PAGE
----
When I arrived in RVN in Sept 1966, I was initially assigned to 1st Signal Bde, 69th Signal Bn, Headquarter Co, Photo Platoon. That unit was located on a compound inside Ton Son Nhut Airbase in Saigon. As previously mentioned, I spent a month and a half or so there and was eventually transferred to Det. A at An Khe with the 1st Air Cavalry Division.
Our photographic operations had a rather unusual chain of command in that our authority stemmed from DASPO (Dept. of the Army Special Photographic Office) and SEAPAC (Southeast Asian Photograhic Center). Both of these commands were authorized specifically by the Pentagon and were HQ'd in Honolulu. As a result, we operated somewhat differently from many other photo units.
The photo teams normally consisted of 2 to 4 Junior enlisted personell. At no time during my tour did I ever go to the field with an officer in charge, and only once did I even have an NCO over me (and he was a newly promoted E-5 by virtue of the fact that he'd been in the Army about 6 months longer than myself.
Because of our unique chain of command, the commanders of the units we were in the field with had no operational or administrative control over us. So basically, you've got 2 to 4 enlisted men running around "doing their thing" with no one to tell them when, how, or why!
So what did we photograph? The overwhelming majority of our assignments were what we called Combat Operations. Most of the time that meant we were in the field with an Infantry unit, although we did also assignments with Armored, Artillery, Engineer, and other units. At any rate, it involved being in the field with them. We were exposed to the same dangers, hardships, frustrations that they had.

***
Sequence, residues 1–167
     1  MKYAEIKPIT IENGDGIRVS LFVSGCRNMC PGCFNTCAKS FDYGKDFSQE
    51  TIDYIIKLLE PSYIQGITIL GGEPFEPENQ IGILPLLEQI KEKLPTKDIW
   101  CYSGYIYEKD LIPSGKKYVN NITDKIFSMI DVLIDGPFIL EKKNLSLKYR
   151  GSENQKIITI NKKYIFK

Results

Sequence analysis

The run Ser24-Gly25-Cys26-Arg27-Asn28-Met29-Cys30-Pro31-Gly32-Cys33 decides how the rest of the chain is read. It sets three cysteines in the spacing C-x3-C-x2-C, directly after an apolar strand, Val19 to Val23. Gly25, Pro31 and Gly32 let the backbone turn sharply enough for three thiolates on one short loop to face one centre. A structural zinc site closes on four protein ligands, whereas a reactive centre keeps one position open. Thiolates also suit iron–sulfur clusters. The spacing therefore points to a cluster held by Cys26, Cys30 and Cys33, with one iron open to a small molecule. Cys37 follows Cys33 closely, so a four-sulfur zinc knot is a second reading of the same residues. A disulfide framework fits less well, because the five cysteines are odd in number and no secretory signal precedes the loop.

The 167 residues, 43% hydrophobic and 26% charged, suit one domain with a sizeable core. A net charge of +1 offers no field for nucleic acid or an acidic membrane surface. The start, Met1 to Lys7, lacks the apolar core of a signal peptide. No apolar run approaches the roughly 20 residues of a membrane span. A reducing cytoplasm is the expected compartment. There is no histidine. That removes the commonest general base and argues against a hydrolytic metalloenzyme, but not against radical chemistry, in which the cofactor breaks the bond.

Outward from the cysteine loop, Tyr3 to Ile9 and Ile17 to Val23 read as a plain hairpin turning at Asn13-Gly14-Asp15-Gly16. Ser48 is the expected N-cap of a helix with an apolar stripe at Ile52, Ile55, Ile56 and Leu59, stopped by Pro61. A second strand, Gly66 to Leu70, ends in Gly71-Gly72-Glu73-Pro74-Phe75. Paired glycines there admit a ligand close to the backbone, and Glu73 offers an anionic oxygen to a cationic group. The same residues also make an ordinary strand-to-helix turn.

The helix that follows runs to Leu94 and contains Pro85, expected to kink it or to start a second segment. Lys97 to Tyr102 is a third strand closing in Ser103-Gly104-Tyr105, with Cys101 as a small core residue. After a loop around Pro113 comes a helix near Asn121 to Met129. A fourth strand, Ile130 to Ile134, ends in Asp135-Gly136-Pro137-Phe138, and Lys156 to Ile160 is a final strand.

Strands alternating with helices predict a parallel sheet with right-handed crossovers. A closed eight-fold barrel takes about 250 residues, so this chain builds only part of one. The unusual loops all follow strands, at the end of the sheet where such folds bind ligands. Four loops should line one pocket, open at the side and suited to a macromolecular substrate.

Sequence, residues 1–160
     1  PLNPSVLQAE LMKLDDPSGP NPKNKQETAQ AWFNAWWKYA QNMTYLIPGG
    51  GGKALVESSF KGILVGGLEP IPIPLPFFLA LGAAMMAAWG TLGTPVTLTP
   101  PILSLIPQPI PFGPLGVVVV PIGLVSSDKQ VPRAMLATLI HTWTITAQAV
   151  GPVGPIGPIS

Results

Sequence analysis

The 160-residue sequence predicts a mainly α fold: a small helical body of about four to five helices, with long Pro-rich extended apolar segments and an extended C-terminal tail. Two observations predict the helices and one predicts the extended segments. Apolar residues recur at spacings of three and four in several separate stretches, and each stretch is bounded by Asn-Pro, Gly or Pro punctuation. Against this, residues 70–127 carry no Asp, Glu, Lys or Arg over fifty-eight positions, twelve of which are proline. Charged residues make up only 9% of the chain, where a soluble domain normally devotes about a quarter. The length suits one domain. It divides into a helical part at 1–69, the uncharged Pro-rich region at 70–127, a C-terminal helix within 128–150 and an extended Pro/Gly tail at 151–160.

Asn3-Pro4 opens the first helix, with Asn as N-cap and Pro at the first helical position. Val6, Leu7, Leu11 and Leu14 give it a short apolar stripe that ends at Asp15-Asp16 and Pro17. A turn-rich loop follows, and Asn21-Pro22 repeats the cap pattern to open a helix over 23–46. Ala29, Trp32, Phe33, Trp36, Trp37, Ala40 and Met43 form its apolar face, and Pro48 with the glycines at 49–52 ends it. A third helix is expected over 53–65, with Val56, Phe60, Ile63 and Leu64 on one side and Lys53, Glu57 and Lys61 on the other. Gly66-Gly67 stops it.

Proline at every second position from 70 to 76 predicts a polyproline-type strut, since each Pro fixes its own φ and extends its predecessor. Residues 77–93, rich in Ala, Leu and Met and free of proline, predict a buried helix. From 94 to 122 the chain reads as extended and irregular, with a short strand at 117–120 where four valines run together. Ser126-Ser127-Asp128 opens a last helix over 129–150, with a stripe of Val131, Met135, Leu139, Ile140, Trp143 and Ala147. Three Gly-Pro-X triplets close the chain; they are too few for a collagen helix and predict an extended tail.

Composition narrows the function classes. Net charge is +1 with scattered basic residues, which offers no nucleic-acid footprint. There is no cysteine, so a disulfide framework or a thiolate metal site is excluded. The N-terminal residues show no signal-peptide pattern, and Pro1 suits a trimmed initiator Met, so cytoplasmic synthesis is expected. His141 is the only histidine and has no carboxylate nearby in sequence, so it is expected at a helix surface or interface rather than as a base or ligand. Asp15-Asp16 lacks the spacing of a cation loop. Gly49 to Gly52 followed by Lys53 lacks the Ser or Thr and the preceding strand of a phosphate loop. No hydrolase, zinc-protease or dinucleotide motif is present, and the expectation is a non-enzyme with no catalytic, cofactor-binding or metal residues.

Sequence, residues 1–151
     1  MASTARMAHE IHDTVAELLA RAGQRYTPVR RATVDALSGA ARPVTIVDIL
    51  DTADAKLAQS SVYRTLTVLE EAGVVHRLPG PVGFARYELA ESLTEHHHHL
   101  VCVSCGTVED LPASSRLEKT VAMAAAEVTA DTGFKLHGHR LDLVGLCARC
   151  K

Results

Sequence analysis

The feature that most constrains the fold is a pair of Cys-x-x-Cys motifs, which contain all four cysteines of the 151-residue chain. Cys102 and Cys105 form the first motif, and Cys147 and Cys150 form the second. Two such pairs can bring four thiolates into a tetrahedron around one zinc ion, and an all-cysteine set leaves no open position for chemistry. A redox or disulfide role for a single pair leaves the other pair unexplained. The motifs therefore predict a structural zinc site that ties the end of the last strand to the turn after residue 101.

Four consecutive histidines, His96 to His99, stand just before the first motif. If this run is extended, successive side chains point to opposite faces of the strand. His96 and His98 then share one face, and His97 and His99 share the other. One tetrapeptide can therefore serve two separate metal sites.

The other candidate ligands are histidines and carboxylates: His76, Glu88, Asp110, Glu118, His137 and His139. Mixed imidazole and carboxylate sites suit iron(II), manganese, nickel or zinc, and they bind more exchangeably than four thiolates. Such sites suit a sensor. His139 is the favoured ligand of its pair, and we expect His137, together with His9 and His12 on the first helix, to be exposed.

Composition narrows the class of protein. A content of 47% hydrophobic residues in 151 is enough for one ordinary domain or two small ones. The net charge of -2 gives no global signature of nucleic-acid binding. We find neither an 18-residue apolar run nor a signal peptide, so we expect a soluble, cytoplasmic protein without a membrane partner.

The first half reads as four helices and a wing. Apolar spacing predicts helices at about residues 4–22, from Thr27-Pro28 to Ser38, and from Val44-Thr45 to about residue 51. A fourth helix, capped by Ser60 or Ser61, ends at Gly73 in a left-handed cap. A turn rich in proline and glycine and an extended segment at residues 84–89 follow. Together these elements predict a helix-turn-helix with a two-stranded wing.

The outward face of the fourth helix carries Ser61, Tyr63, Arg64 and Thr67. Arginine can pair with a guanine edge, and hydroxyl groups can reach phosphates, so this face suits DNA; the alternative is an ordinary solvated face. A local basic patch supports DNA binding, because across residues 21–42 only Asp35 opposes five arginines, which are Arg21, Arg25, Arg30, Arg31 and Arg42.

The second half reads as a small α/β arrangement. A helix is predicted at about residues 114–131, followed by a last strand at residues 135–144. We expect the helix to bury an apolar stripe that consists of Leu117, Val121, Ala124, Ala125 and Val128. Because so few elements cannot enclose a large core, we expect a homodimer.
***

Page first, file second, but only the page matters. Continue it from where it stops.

Our job was to "document and record" everything that happened while we were there. Combat Operations for us would usually be about 2 weeks in length. By that time, we'd shot all the film we'd carried out and the film had to be returned to the lab for processing and contact printing. At that point the "Shooters" had to fill out caption sheets for every frame we'd shot. Accordingly, we'd be back at the lab for a couple of days, then resupply and go back out again.
My entire tour consisted of going out for a couple of weeks, return for a couple of days, and then right back into the meatgrinder.
We'd shoot everything that occurred while we were with the unit. If they were in a firefight, we shot it! If they walked into an ambush, we shot it! If they set up security for a blocking position, we were there to record it. It's been said that Combat is moments of intense fear punctuated by hours of sheer boredom. That statement pretty much sums it up pretty accurately.
I remember a high school buddy I met when I returned home asked me "What it like being on a Combat Patrol? I thought for a second or two and replied, "It's like going rabbit hunting, except the rabbits are shooting back"
The combat operations took their toll on everyone who ever experienced it. The mental stress of trying to focus, compose, and shoot pictures was sometimes an exercise in futility, but we did it anyway ..... That Was Our Job!
We had other types of assigments and I'll try to touch on those in my next post.
Again, Thanks for the Interest